Activation of microglia and chemokines in light-induced retinal degeneration

Cheng Zhang, Ji Kui Shen, Tim T. Lam, Hui Yang Zeng, Samuel K. Chiang, Fang Yang, Mark O.M. Tso

Research output: Contribution to journalArticlepeer-review

97 Scopus citations


Purpose: Microglial cells, which are activated and recruited by chemokines, have been shown to play crucial roles in neuronal degenerations of the central nervous system (CNS). This study investigated the activation and migration of retinal microglial cells and expression of chemokines in retinas in light-induced photoreceptor degeneration in mice. Methods: Ninety-five Balb/cJ mice were kept in cyclic light for 1 week followed by dark adaptation for 48 h prior to light exposure of 3 h at 3.5 Klux. Animals were enthuanized at various times after light exposure. Terminal deoxynucleotidyl transferase-mediated dUTP nick end label (TUNEL) assay, rat-anti-mouse CD11b and 5D4 antibodies, isolectin-B4, and a chemokine-specific gene array were used to detect DNA fragmentation during retinal degeneration, to label retinal microglial cells, and to determine the expression of retinal chemokines and chemokine receptors. respectively. Reverse-transcriptase coupled polymerase chain reactions (RT-PCRs) were conducted on selected chemokine mRNAs to confirm the gene array findings. Results: After intense light exposure,TUNEL-positive cells were noted in the outer nuclear layer (ONL) of the retina at 3 h, and their presence were noticeably increased at 1 day but declined at 3 days and 7 days after light exposure. In contrast, CD11b- or isolectin-B4-positive cells were seen in the ONL as early as 6 h and their presence increased significantly at 1 day and 3 days after light exposure. These cells displayed a round or ovoid morphology at 6 h and 1 day but assumed a more ameboid configuration at 3 days. By 7 day, the number of the microglial cells declined in the ONL and they became ramified, and were present mostly in the subretinal space. 5D4-positive cells with large cell bodies were only noted at 3 day and 7 day but not earlier. With chermokine-specific gene array analysis, we identified four chemokines and two chemokine receptors showing significant increases in their gene expressions. Among them, monocyte chemoattractant protein-3 (MCP-3), showed a remarkable 4.4 fold increase in its gene expression. RT-PCR confirmed a marked increase of MCP-3 expression in retinas at 3 h to 1 day, and a return to normal at 3 days following light injury. Conclusions: Retinal chemokines such as MCP-3 and their receptors are involved in the activation and migration of retinal microglia in light-induced retinal degeneration, which in turn modulate the apoptotic loss of photoreceptor cells in the outer retina.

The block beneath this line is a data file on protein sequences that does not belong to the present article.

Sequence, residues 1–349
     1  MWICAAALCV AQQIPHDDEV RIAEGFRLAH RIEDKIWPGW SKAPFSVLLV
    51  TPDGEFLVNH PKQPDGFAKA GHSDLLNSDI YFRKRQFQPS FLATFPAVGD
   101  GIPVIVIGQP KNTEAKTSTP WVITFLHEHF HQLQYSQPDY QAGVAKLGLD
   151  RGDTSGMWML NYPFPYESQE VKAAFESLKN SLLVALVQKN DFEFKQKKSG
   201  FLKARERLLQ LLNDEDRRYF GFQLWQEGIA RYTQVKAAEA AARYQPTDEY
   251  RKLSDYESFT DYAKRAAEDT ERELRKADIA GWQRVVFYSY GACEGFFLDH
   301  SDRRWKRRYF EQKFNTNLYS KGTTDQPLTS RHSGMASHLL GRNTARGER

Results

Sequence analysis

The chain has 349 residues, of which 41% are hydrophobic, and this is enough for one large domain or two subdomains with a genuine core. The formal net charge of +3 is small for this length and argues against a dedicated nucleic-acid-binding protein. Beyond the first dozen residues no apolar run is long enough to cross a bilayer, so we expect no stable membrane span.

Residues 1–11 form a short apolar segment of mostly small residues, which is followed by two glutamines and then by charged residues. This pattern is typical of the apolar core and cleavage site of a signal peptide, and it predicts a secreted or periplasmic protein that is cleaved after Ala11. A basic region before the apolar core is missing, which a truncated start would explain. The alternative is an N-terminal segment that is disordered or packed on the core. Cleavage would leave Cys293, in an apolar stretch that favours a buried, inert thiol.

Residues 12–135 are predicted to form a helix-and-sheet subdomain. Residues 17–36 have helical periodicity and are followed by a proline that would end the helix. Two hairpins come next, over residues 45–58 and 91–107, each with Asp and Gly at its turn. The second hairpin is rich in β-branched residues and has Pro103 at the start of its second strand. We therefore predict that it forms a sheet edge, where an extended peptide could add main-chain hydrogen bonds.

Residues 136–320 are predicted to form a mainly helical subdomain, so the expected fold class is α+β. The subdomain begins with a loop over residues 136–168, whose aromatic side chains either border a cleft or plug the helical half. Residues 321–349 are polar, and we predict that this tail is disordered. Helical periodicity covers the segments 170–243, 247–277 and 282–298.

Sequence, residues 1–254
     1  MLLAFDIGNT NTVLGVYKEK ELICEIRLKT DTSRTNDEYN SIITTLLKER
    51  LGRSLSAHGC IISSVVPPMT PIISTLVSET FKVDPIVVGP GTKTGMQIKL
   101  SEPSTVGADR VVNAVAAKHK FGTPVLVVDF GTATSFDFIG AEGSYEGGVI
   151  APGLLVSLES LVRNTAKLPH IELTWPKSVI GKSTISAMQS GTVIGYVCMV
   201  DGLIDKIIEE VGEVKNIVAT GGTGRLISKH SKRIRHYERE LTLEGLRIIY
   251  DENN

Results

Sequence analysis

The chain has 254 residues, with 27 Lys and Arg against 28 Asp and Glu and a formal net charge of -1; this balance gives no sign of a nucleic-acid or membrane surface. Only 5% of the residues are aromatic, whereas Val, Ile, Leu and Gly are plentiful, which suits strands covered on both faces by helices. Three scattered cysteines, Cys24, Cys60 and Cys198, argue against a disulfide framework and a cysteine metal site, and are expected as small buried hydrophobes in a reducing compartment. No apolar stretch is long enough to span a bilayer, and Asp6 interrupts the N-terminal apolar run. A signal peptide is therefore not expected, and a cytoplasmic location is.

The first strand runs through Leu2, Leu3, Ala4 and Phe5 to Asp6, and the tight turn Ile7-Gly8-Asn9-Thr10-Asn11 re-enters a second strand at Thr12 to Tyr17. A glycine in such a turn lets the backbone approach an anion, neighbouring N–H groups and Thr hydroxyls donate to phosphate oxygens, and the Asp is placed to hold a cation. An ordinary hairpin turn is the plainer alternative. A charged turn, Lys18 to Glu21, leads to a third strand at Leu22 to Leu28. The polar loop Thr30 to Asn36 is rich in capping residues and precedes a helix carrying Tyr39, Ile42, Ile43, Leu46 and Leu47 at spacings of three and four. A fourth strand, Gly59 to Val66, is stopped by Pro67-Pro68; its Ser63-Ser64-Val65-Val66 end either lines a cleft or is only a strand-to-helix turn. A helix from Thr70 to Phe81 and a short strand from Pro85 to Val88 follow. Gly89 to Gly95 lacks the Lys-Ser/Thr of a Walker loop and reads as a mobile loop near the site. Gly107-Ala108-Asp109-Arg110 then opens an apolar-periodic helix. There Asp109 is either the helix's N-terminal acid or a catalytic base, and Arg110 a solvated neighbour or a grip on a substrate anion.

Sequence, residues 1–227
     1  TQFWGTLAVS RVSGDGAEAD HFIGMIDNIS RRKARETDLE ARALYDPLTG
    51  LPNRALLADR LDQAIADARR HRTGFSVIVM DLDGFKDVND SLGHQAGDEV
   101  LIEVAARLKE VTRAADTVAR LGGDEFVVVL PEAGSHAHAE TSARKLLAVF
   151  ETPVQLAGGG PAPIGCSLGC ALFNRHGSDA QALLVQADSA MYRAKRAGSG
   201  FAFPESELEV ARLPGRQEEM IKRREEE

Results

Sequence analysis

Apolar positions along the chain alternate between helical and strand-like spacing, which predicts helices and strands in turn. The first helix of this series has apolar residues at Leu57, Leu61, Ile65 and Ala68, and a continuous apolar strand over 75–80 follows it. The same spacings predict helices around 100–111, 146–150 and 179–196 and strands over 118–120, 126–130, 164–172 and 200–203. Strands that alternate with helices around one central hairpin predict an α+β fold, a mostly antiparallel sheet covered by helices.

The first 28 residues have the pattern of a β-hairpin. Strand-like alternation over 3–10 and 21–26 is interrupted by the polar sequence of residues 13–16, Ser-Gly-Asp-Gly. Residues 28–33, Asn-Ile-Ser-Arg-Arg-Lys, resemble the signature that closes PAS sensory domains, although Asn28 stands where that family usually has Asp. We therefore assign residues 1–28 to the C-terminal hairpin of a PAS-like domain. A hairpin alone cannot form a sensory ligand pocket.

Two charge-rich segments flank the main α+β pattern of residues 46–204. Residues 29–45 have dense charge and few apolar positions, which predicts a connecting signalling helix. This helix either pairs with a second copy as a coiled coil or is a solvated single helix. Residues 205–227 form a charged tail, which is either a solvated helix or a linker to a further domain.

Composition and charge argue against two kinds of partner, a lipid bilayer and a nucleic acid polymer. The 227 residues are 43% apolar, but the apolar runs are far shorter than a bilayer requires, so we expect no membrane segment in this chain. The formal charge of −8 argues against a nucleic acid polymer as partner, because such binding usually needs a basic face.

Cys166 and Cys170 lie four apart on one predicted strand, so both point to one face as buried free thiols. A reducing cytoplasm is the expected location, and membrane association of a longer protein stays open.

Original languageEnglish (US)
Pages (from-to)887-895
Number of pages9
JournalMolecular vision
StatePublished - Oct 27 2005

ASJC Scopus subject areas

  • Ophthalmology


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